A University of Washington study demonstrated that in a windowless environment, the presence of interior plants reduces blood pressure, stress, and mental fatigue. When we perceive our surrounding as healthy, we transfer that state of well-being to our mental and physical states.
It’s a jungle in here!
Plants are sources for organic beauty and inspiration. Plants enhance our indoor environments providing focal points; greenery sets the mood of a room, softens corners and energizes a space with color and surprisingly, foliage filters noise. Houseplants add an organic layer of color to a room. Plant leaves in variations of green, can transform an unassuming space into a lived-in, vivacious, energized environment.
Designers use houseplants as design elements in interior environments and here are some ways they get it done! Place light hungry varieties under windows, where they will thrive and provide visual interest. Add even more interest by placing the same variety of plant in different containers on plants stands of various heights and materials. Try hanging varieties directly in front of a window from the ceiling at different heights to create a green curtain. To enliven a blank wall, plant small specimens in wall planters. Low-light tolerant plants, like the ficus, can soften and enliven a corner. Often finicky and temperamental to change a ficus in a good spot and will require some pruning.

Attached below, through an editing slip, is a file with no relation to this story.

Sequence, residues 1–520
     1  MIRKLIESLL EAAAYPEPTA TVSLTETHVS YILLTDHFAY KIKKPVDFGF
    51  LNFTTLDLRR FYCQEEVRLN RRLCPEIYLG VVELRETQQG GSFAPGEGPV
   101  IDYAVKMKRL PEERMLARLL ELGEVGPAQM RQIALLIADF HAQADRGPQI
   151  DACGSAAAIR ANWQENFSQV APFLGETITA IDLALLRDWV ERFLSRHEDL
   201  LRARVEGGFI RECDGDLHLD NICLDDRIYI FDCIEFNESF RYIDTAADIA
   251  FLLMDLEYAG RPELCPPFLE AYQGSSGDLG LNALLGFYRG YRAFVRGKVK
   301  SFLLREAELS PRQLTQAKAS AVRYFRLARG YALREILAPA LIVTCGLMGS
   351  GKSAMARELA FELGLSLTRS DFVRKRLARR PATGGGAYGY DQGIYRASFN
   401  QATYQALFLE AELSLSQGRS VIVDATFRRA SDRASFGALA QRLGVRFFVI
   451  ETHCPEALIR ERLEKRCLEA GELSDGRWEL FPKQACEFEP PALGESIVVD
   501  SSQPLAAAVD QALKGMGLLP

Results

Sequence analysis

If you are worried that all that green might leave you green, don’t despair, some blooming houseplants are also great for filtering the air. Gerber daises have brilliant blooms in luscious pops of color. Chrysanthemums and African violets are colorful houseplants with multiple blooms that you can mass together in a single container for a spectacular showing.
Ann O’Leary, a S.C. Certified Nursery Professional at Abide-A-While Garden Center in Mt Pleasant, recommends watering African violets very carefully directly on the soil keeping the leaves dry and green. Abide-A-While stocks a special clay pot for African violet that self-waters!
Symbolic of nature and the outdoor environment, over the past decade, the term "going green" has become a call to action for social responsibility to preserve our natural resources. Green also symbolizes fertility and fruitfulness, freshness and ecology. A positive, Zen-like feeling comes over us when we share our living space with greenery—a blanketing calm and serenity. In the age of increased concerns for sustainability and environmental issues, houseplants offer positive and holistic alternative to improving our health and preserving the living.